How does therapy work?
There are many ways to answer this question. One way to think about it is in stages. In the initial stage of therapy, I carefully and attentively listen. A lot. Through empathizing, actively participating, and understanding how it feels to be you in the world, including how you experience our conversations, we will co-create an environment where you will feel secure and comfortable enough to explore issues that may otherwise be difficult to talk about. As we progress, we will delve deeper into these issues, and articulate thoughts and feelings that are often overlooked by others who we care about, as well as by ourselves. Acknowledging these innermost spaces is an essential step towards feeling better.
What is your approach to therapy?
My approach to therapy is strongly influenced by attachment theory and research. We tend to “carry” our past experiences with close others in ways that affect how we interpret, and thus are influenced by current events. Being able to clearly articulate such longitudinal links between past relationships and current difficulties is the core feature of my approach to therapy. Doing so allows for (a) promoting a sense of agency over our lives, which is one of the most significant features of well-being, and (b) fostering close relationships that make us overall more secure and fulfilled and less sad and anxious.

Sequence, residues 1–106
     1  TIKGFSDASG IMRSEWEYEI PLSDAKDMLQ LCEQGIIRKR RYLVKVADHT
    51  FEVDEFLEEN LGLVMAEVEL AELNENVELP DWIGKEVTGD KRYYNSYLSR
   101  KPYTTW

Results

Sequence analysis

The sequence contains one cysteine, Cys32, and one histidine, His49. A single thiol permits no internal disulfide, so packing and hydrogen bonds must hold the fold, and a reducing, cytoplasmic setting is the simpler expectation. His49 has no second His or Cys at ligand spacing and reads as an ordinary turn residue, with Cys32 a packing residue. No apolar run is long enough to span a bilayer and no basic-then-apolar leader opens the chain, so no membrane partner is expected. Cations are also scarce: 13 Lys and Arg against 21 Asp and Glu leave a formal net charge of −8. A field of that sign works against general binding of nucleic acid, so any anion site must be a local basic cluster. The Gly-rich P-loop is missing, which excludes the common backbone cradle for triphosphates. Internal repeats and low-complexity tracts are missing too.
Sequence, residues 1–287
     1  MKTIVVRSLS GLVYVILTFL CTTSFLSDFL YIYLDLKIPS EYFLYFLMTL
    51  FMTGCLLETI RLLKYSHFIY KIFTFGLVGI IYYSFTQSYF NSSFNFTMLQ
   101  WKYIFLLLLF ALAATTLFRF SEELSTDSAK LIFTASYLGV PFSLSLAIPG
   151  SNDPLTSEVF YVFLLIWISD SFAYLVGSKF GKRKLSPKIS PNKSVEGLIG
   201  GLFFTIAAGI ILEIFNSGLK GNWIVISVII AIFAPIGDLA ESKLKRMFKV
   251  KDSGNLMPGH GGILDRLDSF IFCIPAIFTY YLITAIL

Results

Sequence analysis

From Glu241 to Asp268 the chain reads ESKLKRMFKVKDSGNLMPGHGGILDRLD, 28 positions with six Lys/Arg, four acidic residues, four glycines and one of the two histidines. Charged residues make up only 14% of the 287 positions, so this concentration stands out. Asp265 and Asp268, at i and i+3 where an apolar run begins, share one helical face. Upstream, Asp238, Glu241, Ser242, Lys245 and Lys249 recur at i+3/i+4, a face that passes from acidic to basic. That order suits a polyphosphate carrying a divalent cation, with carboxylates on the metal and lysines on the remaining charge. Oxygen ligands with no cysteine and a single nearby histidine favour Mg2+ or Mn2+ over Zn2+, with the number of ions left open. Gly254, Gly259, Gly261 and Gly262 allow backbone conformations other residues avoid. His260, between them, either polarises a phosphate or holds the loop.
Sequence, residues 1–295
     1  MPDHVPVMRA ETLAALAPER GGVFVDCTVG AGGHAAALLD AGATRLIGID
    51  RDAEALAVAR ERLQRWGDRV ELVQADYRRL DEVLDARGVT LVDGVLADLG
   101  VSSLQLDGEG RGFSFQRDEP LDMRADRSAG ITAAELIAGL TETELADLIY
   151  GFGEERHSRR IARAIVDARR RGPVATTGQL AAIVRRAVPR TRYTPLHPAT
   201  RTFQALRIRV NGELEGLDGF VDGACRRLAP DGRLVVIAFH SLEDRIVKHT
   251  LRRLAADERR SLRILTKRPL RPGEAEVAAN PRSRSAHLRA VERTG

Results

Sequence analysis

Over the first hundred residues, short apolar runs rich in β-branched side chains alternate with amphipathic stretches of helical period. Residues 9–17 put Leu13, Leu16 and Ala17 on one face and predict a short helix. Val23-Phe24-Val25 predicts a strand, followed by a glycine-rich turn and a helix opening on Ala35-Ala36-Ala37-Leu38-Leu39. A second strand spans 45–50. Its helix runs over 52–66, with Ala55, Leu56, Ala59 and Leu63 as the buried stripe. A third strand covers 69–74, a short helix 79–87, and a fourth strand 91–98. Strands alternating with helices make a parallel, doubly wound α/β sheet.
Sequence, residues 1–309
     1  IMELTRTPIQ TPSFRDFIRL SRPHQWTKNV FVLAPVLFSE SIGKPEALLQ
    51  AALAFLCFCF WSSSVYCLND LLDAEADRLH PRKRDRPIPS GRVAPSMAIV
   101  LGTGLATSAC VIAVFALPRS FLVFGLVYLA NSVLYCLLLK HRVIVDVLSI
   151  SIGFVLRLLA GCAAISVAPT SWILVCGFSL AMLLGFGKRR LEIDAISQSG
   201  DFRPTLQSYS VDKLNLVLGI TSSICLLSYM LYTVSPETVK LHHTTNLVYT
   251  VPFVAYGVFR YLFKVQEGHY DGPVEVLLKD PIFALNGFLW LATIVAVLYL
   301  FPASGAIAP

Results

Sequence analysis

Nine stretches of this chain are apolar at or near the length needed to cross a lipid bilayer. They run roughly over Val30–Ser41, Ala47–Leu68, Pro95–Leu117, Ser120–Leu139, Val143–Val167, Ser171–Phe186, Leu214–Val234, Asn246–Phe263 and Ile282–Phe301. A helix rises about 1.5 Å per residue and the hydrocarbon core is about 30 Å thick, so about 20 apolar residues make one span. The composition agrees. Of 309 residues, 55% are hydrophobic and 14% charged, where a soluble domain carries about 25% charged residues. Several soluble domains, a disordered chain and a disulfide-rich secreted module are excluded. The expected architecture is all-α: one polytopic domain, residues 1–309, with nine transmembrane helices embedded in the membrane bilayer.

Why does attachment theory guide your therapeutic approach?
My life experiences, extensive theoretical and clinical training, and ongoing research I am leading have taught me that more important than the life problems we are dealing with is whether we have attachment figures we feel secure with—someone(s) whom we can turn to for emotional (and practical) support. Therefore, as a therapist, my role is first and foremost to fulfill your basic need for such an attachment figure.
How is couples therapy different from individual therapy?
Whereas both types of therapies benefit from the same attachment-informed framework, they often differ in the problems addressed. In couples therapy, the focus of therapy tends to be on communication patterns. The working assumption is that communication, especially around sensitive issues (e.g., affairs, pregnancy, parenting), reflects a deeper level of interpersonal sensitivity that each partner developed early in life and consistently manifests in the relationship. Suspending judgment and fostering a secure interpersonal environment allows both partners to “slow down,” identify the often difficult-to-articulate emotional injuries each partner causes the other, and ultimately allow for a more empathic communication.
How long does therapy last?
Therapy varies in length. I have had clients whom I have seen for a few months, and have had others whom I have seen for several years. Length has nothing to do with the severity of the problems or the mental health conditions, but rather with the function that therapy fulfills for each individual or couple.
How frequently will we meet?
Based on my experience, meeting at least once a week for the first few months yields the best and most sustaining results. I am always open to discussing other time intervals that may fit you better.
Do you take insurance?
No, I am an out-of-network provider. However, I will provide you with a receipt that you can submit to your insurance company if you have out-of-network mental health coverage.